A leader of leaders

A Syracuse University professor and former refugee opens his home to the international community to raise world-changers.

It’s a typical Saturday night and professor Alex Thevaranjan’s living room is packed. Around 20 students from a wide variety of nationalities sit on the room’s colorful couches, chairs, and cushions, and listen eagerly to the week’s lesson. Today, they are learning about their DNA – desires, needs, and assets – to help formulate their goals.

The students are immigrants and refugees in high school. They discuss the needs in the world: ending world hunger, striving for racial equality, and fighting against poverty. They look at their desires and how they want to help. One student wants to make education more accessible, another wants to fight racism. Then they determine what assets they have and how they can achieve their goals. Their mentors are college students, some of whom live in Thevaranjan’s house, and guide them through the process.

“When he talks, you listen,” said Mura Gichane, a Syracuse University student who is a mentor in the program and one of Thevaranjan’s 12 housemates. “You listen because he’s always trying to help you and understand you.”

Thevaranjan has a soft voice and is quick to smile. His house is named House of Daniels, a reference to the biblical hero, and in honor of his late father of the same name. The house is open to international students of faith, who pay $360 a month for a private room, or $240 for a shared room — a steal for housing on-campus.

"He is creating a space for support by teaching from his experiences,” said James Yu, who has lived at House of Daniels for over a year.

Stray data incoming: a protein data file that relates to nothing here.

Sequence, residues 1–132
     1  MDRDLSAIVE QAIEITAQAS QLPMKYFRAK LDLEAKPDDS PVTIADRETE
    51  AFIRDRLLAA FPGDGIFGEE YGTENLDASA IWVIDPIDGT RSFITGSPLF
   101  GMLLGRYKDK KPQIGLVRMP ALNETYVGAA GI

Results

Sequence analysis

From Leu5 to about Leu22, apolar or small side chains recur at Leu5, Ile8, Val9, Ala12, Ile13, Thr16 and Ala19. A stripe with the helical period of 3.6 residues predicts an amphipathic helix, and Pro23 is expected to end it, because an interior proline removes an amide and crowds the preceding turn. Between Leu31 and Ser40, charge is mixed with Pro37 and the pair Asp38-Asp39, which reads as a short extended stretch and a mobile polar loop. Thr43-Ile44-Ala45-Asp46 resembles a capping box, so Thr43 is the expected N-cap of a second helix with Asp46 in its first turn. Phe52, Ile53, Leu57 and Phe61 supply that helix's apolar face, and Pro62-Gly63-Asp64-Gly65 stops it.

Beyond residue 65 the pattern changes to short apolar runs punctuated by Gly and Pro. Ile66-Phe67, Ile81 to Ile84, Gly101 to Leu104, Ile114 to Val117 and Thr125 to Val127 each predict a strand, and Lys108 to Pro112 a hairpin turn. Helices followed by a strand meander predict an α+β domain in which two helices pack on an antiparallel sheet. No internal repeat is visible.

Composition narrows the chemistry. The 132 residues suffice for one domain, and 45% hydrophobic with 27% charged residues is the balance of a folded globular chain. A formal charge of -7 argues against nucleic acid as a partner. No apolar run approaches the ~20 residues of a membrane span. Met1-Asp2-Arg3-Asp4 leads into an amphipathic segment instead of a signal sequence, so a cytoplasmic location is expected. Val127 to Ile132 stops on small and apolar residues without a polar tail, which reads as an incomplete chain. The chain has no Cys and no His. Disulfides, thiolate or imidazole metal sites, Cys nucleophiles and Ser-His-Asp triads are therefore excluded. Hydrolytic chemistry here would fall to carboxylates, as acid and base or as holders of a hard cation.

Thevaranjan and his wife fled persecution from the Sinhalese ethnic majority in Sri Lanka about 30 years ago. An intelligent young man with a degree in engineering, he was able to get a scholarship and continue his education in the U.S, leading to a PhD in accounting. He now teaches accounting at Syracuse University.

In the Lender auditorium at the Whitman School of Management, 100 students eagerly type notes on their laptops. Though accounting is possibly one of the driest subjects in the book, tremors of excitement pervade Thevaranjan’s usually quiet voice when he explains different balance sheets and formulas. He walks through the auditorium comfortably; he’s in his element.

A student’s hand shoots up, and Thevaranjan takes her question. Apparently, it’s a good one, so he peels off a bright yellow sticky note from the pad in his hand and tells her to pick it up at the end of class. Each sticky note is an extra point that students earn by asking questions and participating in class.

When they ask questions, the students call Thevaranjan “Coach T.” Three students in his class said that it’s because he doesn’t believe they should be fighting against him, but that he is a partner in their fight against accounting.

His love of teaching doesn’t end in the classroom. Shewa Shwani, a former Kurdish refugee and a student at SUNY ESF, is one of the mentors for Thevaranjan’s Saturday lessons. Shwani recalled her first day with the leadership program, a trip to the Adirondacks during which their bus broke down on the road.

“He used that bad situation and turned it into a good one,” Shwani said.

Instead of causing panic, Thevaranjan didn’t let on that anything was wrong, and instead treated it like a routine stop where he was meant to deliver a lesson.

“He taught us things that we were meant to learn during the trip,” Shwani said. “We didn’t know what was going on but he made us feel safe.”

Professor Thevaranjan in House of Daniels, where he holds weekend lessons for high school students and hosts international college students

Professor Thevaranjan in House of Daniels, where he holds weekend lessons for high school students and hosts international college students